First coffee. Then a bowel movement. Then the muse joins me.
WERE Greta Garbo alive today, she would be Gore Vidal's neighbour. I know this because in attempting to locate his house I stumbled into hers. For a large part of the year, Vidal lives in the southwest of Italy, in Ravello, in a house called La Rondinaia - "The Swallow's Nest" - which was found for him 30 years ago by Howard Austen, who has been his companion for more than half a century. Built in the 1920s, La Rondinaia is grafted on to a cliff high above the Bay of Salerno.
As well as gravity-defying La Rondinaia, he acquired groves of lemon and olive and the kind of vista usually enjoyed only by eagles. Austen spotted an ad for it in a newspaper in Rome, where he and Vidal were living at the time. "I located it by pure accident," he once said, "having known that Gore wanted a place in the country. He felt constrained in Rome. I don't know why. You move from America to go to Italy and then find that Rome is confining and you want a place in the country. But there it is."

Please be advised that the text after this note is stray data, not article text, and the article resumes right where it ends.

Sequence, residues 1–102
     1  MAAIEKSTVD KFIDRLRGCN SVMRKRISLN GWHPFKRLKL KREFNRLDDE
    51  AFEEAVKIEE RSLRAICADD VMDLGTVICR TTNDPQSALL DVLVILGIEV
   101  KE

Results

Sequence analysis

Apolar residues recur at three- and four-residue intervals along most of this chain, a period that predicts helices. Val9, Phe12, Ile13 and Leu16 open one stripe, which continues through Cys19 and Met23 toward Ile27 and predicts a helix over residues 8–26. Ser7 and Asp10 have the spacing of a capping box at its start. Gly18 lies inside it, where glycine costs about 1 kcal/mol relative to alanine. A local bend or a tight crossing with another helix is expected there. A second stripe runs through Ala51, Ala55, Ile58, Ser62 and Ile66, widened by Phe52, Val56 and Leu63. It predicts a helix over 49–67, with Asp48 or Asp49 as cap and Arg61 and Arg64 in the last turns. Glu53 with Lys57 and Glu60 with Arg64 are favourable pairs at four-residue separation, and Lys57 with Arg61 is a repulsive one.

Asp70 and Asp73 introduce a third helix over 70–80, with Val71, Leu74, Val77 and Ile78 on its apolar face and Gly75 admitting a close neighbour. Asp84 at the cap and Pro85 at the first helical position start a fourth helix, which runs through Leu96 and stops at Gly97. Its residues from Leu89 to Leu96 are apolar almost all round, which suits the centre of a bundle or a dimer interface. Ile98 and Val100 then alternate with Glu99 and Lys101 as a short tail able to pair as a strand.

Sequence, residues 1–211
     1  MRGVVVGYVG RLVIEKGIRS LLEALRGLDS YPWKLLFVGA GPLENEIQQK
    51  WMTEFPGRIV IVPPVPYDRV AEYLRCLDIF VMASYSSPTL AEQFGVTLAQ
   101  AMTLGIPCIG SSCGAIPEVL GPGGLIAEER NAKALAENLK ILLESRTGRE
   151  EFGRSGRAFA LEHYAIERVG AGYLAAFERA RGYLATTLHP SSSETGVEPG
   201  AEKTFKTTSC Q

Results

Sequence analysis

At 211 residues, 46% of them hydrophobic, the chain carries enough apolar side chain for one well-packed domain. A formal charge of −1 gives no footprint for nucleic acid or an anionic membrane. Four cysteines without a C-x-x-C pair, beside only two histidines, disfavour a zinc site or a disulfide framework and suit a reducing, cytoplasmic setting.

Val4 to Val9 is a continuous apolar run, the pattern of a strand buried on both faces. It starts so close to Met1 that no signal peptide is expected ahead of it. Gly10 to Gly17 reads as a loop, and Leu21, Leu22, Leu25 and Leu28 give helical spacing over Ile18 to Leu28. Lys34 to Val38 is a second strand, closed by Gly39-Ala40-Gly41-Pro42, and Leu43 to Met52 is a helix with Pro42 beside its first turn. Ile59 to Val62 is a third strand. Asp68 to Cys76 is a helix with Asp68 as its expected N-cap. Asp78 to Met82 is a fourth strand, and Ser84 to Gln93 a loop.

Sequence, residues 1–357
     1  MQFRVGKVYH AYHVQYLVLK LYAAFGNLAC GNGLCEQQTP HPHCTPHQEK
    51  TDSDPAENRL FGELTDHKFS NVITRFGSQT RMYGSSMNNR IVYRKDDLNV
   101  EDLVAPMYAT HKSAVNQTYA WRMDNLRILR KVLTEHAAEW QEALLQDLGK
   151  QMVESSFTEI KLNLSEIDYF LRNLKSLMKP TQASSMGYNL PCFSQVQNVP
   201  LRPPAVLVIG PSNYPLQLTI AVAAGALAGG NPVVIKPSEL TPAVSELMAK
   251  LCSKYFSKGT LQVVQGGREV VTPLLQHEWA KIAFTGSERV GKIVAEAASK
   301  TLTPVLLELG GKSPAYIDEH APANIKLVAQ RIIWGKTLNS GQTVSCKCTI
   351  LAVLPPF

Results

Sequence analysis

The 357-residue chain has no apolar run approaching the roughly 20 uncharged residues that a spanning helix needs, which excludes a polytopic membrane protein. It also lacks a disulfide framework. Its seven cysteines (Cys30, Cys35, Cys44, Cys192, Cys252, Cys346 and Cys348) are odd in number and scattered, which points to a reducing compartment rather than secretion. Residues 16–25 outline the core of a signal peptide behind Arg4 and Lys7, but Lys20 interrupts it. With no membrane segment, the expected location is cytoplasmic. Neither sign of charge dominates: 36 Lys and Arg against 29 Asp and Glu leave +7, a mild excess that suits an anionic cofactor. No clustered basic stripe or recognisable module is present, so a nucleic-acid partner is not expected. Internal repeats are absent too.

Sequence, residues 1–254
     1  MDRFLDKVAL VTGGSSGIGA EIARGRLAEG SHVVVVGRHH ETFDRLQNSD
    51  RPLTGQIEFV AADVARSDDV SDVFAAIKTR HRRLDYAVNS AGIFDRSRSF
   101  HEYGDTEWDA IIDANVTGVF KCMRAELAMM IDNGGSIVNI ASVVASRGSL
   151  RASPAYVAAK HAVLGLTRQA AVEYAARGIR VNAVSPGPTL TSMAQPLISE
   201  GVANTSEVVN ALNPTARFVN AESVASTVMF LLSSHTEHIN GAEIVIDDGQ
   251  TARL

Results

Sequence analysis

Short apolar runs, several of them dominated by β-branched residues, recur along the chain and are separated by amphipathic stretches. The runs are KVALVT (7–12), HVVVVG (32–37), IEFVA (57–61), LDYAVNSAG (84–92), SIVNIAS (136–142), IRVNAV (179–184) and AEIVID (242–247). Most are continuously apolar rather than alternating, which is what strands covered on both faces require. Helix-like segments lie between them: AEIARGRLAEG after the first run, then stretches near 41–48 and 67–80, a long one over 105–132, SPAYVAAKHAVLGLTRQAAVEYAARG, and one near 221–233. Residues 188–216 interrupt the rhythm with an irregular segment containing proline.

From Ravello's Piazza Duomo to La Rondinaia is about a quarter of a mile. Guided via intercom through a succession of security gates by Austen, I encounter at the final checkpoint two preppy youths who appear out of nowhere from an avenue of cypress trees and are about to be admitted into Vidal's inner sanctum. Who are they? Mormons in civvies? Celebrity stalkers? Brush salesmen? "We're fans of Mr Vidal," says one.
"We're from Ohio," says the other. "We've read all his books."
But when I relay this information to Austen, he manages to contain his enthusiasm. "Tell them," he says tersely, "to go away."
Which is how I find myself alone in a wood with no instructions about the final part of my journey and paths diverging in every direction. I go into the first pile I come across, which - according to a plaque on the wall - turns out to be the Villa Cimbrone, the retreat of the reclusive Garbo and her lover, Leopold Stowkoski. Slipping away before I am arrested for breaking and entering, I eventually find my way to La Rondinaia. "Really?" says Vidal, when I tell him my tale, the upturn of his lips eloquently expressing divine indifference. Garbo's ghost, I guess, must receive many unexpected callers en route to Gore.
Before the cards that one is dealt by life are the cards that fate has dealt. One's family.